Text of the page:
In our own day, The Gospel of Judas—a third-century manuscript much publicized in 2006—provides a picture of early Gnostic beliefs. The author depicts Judas and Jesus laughing at the simplicity of the apostles who do not have the secret knowledge they possess.

Gnostic belief in a secret knowledge and a god-like humanity persisted in one form or another down through the centuries in Western civilization.

Scientism, as we experience it today, came out of the post-Reformation world. Burgeoning scientific knowledge was mixed with nascent Protestant theology in a strange brew, much as early astronomy co-mingled with astrology. In a world where alchemy—turning base metals into gold—was a common medieval fantasy based on obtaining the ultimate secret knowledge of the philosopher’s stone, most early scientists considered their scientific work secondary to their theological musings.

Fathers of Scientism

One of the bedrock Catholic urban legends insists that various inquisitions thwarted scientific development. That was simply not true. Most so-called scientists who suffered under various inquisitions did not do so because of their scientific work. They were prosecuted because they developed and evangelized particularly bizarre religious beliefs that allegedly grew out of their scientific research.

Michael Servetus (1511-1553) offers a good example. He is generally credited with discovering pulmonary circulation. But among other things, Servetus had written extensively against belief in the Trinity and decided that Christ was returning to earth soon to lead a mighty final battle. Servetus believed he would be a general in that battle, serving under Michael the Archangel. One historian noted that "Servetus was a bit more insane than the average of his time." (For more on Servetus, see Truth be Told, March 2007.)

The difficulty was rarely that theology oppressed science. It was that certain scientists—from Servetus to Theodore Kaczynski, the modern-day Unabomber—wanted to be theologians. They wanted to create a theology from their science.

Even Galileo (1554-1642), science’s alleged proto-martyr, done in by an intolerant Catholic Church, couldn’t help lecturing about the true interpretation of Scripture in light of his own scientific wisdom.

Though some consider him more of a philosopher than a scientist, Giordano Bruno (1548-1600) could be considered the father of truly modern scientism. A Dominican monk ordained in 1572, Bruno became enamored of everything from the ancient pagan philosophers to the new discoveries in astronomy. He developed a philosophy of astronomy, based on Copernican theories, that imagined an infinity of co-existing worlds, and soon rejected basic Christian teaching for a cornucopia of dogmas and hypotheses presented as fact. God was his creation, Bruno taught. He also believed that diseases were demons that could be ousted by a king’s touch or the spittle of a seventh son.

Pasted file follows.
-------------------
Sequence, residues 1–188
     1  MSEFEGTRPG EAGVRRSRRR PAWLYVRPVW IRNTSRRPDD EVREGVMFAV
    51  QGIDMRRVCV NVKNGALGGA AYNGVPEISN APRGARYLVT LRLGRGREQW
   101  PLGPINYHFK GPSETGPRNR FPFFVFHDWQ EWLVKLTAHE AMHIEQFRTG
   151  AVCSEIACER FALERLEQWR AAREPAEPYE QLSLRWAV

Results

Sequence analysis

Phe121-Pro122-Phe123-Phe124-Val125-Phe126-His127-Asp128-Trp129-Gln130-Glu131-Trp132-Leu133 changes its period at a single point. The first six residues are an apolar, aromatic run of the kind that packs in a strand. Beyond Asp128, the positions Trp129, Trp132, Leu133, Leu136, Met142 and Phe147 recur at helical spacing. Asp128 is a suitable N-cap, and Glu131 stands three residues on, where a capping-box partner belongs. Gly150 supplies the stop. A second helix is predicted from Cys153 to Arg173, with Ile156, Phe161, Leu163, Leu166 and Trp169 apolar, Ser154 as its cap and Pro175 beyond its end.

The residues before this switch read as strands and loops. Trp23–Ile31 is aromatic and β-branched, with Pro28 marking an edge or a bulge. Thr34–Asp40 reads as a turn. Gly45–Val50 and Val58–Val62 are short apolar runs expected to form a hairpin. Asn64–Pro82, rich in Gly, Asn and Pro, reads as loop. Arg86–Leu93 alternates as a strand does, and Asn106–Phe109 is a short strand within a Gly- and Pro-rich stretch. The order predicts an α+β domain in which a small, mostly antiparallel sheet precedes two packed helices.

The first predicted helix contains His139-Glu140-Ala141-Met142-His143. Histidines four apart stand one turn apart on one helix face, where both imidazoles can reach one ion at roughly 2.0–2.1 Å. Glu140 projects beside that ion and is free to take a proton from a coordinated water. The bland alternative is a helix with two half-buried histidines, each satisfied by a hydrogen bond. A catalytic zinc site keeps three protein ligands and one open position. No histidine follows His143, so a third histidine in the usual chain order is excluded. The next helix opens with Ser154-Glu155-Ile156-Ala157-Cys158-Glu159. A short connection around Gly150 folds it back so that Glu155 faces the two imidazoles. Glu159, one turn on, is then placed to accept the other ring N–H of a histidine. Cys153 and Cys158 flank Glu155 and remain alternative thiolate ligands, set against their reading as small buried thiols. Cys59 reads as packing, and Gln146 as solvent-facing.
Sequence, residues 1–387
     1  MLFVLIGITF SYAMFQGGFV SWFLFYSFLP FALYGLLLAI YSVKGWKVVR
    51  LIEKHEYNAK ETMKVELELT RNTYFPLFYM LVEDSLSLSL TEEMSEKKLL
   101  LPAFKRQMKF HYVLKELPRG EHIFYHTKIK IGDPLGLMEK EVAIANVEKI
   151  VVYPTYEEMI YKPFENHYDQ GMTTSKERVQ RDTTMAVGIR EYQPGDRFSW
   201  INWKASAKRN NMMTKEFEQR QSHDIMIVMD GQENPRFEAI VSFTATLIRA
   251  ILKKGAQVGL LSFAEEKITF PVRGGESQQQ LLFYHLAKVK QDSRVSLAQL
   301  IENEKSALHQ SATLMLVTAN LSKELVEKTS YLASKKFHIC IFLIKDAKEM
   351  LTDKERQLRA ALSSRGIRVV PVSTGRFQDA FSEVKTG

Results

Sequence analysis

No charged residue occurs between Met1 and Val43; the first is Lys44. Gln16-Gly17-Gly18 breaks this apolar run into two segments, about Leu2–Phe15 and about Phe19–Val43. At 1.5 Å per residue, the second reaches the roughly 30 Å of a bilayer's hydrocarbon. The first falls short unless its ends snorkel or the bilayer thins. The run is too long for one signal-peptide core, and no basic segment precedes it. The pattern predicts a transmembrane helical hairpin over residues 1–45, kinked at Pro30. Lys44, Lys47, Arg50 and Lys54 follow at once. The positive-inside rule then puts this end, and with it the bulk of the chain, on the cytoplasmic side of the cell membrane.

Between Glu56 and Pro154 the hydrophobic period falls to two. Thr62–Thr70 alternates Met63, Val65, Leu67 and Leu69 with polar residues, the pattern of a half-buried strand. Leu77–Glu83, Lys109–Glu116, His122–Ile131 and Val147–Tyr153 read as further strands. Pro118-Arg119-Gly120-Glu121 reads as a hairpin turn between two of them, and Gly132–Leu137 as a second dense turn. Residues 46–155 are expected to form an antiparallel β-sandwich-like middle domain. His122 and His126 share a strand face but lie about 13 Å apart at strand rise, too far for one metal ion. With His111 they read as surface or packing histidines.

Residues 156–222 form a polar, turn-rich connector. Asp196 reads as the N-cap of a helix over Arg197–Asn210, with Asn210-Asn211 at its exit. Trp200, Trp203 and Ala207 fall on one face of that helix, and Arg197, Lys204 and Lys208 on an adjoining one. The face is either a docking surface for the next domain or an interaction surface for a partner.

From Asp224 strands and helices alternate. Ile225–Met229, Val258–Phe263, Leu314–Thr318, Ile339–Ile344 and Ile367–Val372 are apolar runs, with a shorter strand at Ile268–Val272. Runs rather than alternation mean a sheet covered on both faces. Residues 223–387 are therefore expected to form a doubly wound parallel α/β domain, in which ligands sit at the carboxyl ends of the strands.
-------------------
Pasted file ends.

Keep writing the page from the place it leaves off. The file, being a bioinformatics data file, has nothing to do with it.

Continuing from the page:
Bruno donned his Dominican habit when necessary to secure a position, and tossed it aside just as regularly. Enraging Protestant leaders as well as the Church, he was finally tried by the inquisition in Rome. But even here, it was not his science, but his attempt to build a bizarre theology based on his scientific beliefs that placed him in jeopardy. Never mentioned in his condemnation by the inquisition in Rome were his Copernican beliefs, but rather his rejection of the Trinity and the Incarnation, which he refused to recant. He was turned over to the civil authorities and executed. In 1889, a statue of him was erected on the spot of his execution.

That was not surprising considering that scientism reached its zenith in the late 19th century, when it embraced everything from phrenology to communism as rational, scientific solutions to the difficulties that plague humanity.

Only the Strong Survive

In the 19th century, the belief became dogmatic that science was the means toward whatever salvation mankind was capable of achieving. Scientism had divorced itself from any pseudo-Christian base and began to see science itself as the only possible religion of an educated man.